New subsection 124PGA(3) applies to a person if the person is undertaking full-time study (as defined by section 541B of the Social Security Act) and while undertaking that study, the person is living outside the Bundaberg and Hervey Bay area.  Persons who live outside the trial area during term time for the purposes of completing their course of study may find it impractical to use a cashless debit card outside the trial area. For example, they will not have access to the same support services as trial participants who live within the trial area.  Such students will not be within the class of trial participants.

 

New subsection 124PGA(4) provides that the Secretary must determine that a person is not a trial participant under section 124PGA if the Secretary is satisfied that being a trial participant under this section poses a serious risk to the person’s mental, physical or emotional wellbeing. The intent of this provision is to protect those persons who, based on documentary evidence, may seriously be at risk of adverse impacts on their mental, physical or emotional wellbeing as a result of being subject to the cashless debit card trial

 

New subsection 124PGA(5) provides that the Secretary is not required to  actively take steps to assess every trial participant to decide whether being subject to the cashless debit card trial would seriously risk that person's mental, physical or emotional wellbeing. The Secretary will consider making this determination once he or she is made aware of facts which indicate that being a trial participant may seriously risk a person’s mental, physical or emotional wellbeing.  Where the Secretary is satisfied that being a trial participant would seriously risk that person's mental, physical or emotional wellbeing and makes a determination to this effect, the person will not be subject to the cashless debit card trial while that condition is met.  If the serious risk to the person is only brought to the Secretary’s attention after they have become a trial participant and the Secretary is satisfied that being subject to the trial poses a serious risk to the person’s mental, physical or emotional wellbeing, a determination will be made, resulting in the person no longer being a trial participant while that condition is met.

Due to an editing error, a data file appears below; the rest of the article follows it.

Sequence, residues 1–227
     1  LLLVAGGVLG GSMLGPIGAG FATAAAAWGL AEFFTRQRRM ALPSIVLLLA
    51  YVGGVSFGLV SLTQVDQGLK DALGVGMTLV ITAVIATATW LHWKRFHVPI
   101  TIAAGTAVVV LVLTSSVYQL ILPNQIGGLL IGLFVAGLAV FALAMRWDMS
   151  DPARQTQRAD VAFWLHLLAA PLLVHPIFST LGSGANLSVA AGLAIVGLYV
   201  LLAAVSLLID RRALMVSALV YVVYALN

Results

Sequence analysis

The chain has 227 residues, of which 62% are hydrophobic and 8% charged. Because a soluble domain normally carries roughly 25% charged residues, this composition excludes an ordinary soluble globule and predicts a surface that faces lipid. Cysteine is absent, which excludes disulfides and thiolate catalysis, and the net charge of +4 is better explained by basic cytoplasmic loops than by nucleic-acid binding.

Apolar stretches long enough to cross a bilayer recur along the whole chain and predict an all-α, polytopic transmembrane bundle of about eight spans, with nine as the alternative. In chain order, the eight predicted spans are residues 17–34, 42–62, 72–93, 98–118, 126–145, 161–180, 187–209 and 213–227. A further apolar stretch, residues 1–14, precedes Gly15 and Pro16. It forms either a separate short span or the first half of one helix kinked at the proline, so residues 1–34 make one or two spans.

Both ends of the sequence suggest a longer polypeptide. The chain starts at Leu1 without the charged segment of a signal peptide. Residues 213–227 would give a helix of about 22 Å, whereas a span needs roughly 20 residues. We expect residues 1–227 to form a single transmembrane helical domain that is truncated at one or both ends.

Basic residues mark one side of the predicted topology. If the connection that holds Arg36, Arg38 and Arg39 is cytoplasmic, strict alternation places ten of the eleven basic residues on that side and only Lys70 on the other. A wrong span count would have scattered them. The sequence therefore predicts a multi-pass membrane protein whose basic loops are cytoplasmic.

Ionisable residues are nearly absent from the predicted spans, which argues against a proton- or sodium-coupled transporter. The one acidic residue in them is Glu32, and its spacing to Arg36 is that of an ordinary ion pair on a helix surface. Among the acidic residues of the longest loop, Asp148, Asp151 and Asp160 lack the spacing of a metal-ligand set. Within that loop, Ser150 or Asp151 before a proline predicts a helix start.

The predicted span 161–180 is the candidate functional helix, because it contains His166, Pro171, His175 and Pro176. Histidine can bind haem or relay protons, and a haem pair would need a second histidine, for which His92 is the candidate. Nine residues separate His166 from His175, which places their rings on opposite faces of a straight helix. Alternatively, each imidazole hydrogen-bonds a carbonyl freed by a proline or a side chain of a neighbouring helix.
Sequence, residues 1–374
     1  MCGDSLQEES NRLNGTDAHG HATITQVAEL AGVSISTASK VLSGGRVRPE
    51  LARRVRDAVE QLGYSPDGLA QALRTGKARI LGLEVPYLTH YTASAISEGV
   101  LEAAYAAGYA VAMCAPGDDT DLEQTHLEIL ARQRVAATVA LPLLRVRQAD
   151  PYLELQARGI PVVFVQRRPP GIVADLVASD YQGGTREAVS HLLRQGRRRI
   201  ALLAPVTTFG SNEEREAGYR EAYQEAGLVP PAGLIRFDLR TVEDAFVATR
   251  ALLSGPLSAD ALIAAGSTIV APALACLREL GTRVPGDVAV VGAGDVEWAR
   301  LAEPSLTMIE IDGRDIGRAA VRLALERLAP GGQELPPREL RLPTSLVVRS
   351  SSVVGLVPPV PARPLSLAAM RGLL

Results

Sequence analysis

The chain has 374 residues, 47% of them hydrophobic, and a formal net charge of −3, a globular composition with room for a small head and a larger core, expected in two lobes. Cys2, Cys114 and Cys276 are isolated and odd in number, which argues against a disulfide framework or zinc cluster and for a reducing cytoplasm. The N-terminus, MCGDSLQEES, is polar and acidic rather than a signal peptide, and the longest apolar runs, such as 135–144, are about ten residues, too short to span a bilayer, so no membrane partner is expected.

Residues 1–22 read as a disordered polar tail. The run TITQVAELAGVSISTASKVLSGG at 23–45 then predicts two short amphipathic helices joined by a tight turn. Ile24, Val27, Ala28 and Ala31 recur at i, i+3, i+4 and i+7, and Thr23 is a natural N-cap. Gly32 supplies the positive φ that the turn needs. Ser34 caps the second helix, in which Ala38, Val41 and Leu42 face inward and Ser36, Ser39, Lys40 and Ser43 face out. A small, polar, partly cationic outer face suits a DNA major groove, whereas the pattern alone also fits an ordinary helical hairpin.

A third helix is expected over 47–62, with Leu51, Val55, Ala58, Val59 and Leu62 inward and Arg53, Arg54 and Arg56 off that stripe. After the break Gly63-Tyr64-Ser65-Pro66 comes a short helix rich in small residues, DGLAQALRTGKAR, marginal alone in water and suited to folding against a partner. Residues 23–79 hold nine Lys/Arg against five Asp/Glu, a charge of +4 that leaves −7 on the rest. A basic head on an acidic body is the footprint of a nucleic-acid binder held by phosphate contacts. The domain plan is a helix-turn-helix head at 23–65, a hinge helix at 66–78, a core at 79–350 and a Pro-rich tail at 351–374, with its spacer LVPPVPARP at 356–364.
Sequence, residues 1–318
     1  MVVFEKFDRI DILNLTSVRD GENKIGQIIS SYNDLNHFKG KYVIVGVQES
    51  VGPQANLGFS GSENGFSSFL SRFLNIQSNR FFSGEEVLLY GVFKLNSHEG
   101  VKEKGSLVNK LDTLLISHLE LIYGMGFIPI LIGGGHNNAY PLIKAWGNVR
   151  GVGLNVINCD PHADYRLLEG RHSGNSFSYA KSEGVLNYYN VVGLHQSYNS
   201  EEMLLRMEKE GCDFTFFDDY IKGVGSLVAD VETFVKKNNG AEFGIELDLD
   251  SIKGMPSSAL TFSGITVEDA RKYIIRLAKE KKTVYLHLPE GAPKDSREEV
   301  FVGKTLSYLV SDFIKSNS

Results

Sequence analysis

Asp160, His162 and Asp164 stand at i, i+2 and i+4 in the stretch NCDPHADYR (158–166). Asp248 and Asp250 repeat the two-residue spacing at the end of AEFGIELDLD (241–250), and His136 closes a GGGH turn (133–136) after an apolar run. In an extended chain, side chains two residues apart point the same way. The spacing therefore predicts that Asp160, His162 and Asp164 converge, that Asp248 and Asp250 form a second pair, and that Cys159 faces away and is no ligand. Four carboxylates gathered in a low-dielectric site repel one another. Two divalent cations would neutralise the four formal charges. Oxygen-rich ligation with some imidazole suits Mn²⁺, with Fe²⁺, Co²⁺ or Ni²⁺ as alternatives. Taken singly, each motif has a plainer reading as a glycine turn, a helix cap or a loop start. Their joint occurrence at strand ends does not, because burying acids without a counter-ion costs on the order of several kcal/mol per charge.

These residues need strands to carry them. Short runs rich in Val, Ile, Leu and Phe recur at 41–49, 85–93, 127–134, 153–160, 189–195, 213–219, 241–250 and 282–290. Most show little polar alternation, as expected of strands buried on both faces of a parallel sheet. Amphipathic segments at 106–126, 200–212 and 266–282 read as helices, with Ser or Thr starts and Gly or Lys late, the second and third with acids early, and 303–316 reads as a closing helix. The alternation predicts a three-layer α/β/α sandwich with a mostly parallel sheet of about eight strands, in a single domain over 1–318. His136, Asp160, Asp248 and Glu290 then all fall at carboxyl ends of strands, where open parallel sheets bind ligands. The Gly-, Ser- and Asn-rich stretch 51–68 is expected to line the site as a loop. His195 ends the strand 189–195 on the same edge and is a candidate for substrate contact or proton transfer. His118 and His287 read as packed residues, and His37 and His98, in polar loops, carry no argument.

Item 11 amends paragraph 124PH(1)(b) to confine the persons who may notify the Secretary that they wish to be voluntary participants to areas other than the Bundaberg and Hervey Bay area.  This prevents persons in the Bundaberg and Hervey Bay area from becoming voluntary participants, if they are not otherwise a trial participant.

 

Item 12 inserts new subsections after subsection 124PJ(4).  Section 124PJ currently empowers the making of a legislative instrument to allow the Minister to vary the percentages of restricted and unrestricted portions for particular persons in relation to particular trial areas. 

 

New subsection 124PJ(4A) disapplies the legislative instrument making power for the Bundaberg and Hervey Bay Trial area. 

 

New subsection 124PJ(4B) provides that for a person who is a trial participant in relation to the Bundaberg and Hervey Bay area, the Secretary may make a determination varying the percentages such that the entire payment is unrestricted.  In such circumstances, a person may access their full payment in cash.

 

New subsection 124PJ(4C) prescribes the conditions in which the Secretary can make a determination under subsection 124PJ(4B) varying the percentages.  The circumstances are that the Secretary is satisfied that the person is unable to use the person’s debit card attached to the person’s welfare restricted bank account, or is unable to access that account as a direct result of a technological fault or malfunction with that card or account, or because of a natural disaster.  The Secretary can also make such a determination if satisfied that the person is being paid outside their usual payment schedule or in advance, because the person is in severe financial hardship as the result of exceptional and unforeseen circumstances, or is being paid in advance under subsection 51(1). 

 

New subsection 124PJ(4D) makes it clear that a Secretary determination under subsection (4B) takes effect on the day specified in the determination (which must not be earlier than the day on which the determination is made).

 

Item 13 is consequential to item 12, making it clear that a direction given by a community body is subject to any determination by the Secretary under subsection 124PJ(4B).